Forks Fort (1792-1805) - A North West Company trading post, provisioning post and fort first established by Alexander Mackenzie in 1792 near present day Peace River, Alberta, Canada. Probably named for the junction of the Peace River and the Smokey River. Abandoned in 1805. Also known as Fort Fork.
History of Forks Fort
A North West Company trading post, provisioning post and fort first established in 1792 to support the Mackenzie Expedition to the west coast. Located at the junction of the Peace River and the Smokey River south of present day Peace River, Alberta.
In the early part of the 1792 season Alexander Mackenzie sent two men ahead to prepare the site of a winter post for his upcoming expedition. Mackenzie arrived at the site on 1 Nov 1792 and found "not a singe hut" had been built but that all the timber had been prepared by the advance party for a stockade and houses.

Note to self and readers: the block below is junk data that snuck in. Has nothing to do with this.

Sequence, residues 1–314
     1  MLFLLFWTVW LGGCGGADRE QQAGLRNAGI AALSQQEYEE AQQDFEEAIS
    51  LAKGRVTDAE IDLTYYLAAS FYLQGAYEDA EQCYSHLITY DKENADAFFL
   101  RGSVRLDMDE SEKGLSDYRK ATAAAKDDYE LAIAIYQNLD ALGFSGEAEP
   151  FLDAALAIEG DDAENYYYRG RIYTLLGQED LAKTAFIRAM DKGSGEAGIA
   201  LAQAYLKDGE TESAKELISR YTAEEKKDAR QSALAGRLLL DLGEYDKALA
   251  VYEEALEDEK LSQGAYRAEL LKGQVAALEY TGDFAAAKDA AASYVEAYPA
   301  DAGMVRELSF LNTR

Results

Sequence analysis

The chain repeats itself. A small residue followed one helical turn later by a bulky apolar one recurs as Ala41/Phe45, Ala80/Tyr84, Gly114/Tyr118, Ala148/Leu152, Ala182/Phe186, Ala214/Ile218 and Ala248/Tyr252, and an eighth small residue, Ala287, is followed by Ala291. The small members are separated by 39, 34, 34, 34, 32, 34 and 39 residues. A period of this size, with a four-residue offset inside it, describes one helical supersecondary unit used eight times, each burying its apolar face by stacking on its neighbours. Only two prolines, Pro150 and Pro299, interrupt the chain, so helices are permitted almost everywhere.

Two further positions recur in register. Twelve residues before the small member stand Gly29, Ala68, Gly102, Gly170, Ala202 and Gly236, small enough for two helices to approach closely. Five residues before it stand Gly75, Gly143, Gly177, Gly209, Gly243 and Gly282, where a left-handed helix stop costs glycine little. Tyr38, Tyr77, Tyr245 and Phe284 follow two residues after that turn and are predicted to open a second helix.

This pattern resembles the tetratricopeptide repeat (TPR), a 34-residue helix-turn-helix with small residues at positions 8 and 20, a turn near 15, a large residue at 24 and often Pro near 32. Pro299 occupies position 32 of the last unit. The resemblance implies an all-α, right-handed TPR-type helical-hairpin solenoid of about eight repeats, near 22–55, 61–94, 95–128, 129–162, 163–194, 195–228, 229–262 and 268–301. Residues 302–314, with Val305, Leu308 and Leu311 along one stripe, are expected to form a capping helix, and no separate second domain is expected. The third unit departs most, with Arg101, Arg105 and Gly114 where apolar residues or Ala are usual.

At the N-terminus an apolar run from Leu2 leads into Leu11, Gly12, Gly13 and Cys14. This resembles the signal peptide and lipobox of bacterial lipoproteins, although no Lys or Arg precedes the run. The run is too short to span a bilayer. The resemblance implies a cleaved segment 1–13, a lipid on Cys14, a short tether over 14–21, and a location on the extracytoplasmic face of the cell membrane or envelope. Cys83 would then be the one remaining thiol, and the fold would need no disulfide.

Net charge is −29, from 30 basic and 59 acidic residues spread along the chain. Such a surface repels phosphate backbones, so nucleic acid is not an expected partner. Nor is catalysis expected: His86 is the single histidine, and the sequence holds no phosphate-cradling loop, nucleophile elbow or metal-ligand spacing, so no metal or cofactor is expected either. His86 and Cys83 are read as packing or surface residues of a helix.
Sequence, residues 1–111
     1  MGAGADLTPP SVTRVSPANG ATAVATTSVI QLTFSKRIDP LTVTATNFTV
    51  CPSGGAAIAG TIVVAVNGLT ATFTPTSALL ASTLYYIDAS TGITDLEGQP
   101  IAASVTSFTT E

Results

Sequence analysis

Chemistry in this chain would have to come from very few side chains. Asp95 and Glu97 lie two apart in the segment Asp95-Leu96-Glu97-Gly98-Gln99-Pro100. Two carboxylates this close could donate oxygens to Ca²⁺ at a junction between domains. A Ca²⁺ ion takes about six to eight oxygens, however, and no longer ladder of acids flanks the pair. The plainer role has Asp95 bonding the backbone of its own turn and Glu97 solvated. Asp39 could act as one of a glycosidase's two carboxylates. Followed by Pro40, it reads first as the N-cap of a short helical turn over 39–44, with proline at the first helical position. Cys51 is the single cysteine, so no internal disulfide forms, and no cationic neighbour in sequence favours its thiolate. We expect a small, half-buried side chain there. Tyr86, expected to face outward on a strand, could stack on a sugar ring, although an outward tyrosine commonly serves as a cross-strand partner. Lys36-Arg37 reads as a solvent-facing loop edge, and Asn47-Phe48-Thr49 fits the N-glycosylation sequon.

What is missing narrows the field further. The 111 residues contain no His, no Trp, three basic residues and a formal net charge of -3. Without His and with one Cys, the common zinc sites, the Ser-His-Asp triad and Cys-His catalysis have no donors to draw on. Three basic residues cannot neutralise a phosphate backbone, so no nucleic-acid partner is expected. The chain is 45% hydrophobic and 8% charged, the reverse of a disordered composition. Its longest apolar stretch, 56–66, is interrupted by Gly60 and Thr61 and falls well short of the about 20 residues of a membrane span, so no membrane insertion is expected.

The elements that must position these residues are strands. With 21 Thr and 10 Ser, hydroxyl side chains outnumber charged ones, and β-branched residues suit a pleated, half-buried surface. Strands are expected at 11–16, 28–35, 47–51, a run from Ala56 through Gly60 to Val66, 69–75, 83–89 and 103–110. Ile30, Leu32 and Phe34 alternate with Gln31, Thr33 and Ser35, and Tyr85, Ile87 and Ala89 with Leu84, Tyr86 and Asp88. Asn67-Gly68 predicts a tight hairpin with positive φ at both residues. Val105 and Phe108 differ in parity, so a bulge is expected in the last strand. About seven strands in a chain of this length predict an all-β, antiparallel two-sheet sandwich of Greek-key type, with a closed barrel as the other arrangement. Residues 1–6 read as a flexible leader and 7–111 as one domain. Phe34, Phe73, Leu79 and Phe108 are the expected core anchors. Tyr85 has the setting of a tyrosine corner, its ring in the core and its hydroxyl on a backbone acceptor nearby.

Construction of the fort began on 7 Nov 1792 and Mackenzie moved into his quarters on 23 Dec 1792. The men then constructed five 17' by 12' cabins for their quarters. The stockade was constructed around the buildings in a 120' square of logs 18' long and 7" in diameter. Temperatures at this point were well below zero and both rivers were well frozen over.
The spring thaw found both rivers ice free and the snow gone by the 25th of April. On 8 May 1793 Mackenzie sent six canoes, loaded with furs and carrying letters, back to Fort Chipewyan.
Alexander Mackenzie set out on 9 May 1793 on his historic transcontinental journey to the Pacific. He left two of his men to take care of the fort and supply the Indians with ammunition during the summer. After a successful expedition Mackenzie returned to the Forks Fort on 24 Aug 1793 and traveled on to Fort Chipewyan.
Fork Fort was then used as a trading post and was known among North West Company posts as being in good condition with a garden and extensive living quarters. With the merger of the XY Company and the North West Company in 1804-05, Fork Fort was replaced with Fort Dunvegan, which was built further upriver.
In 1909 only "the foundations of the walls [were] left and the crumbling bricks of two old chimneys".
Part of Fort Fork National Historic Site of Canada. No visible remains but the site does include an archeological site. A stone Cairn and sign identify the historical site south of Peace River, Alberta. The actual site of the fort on the east bank may have been lost to erosion of the river banks.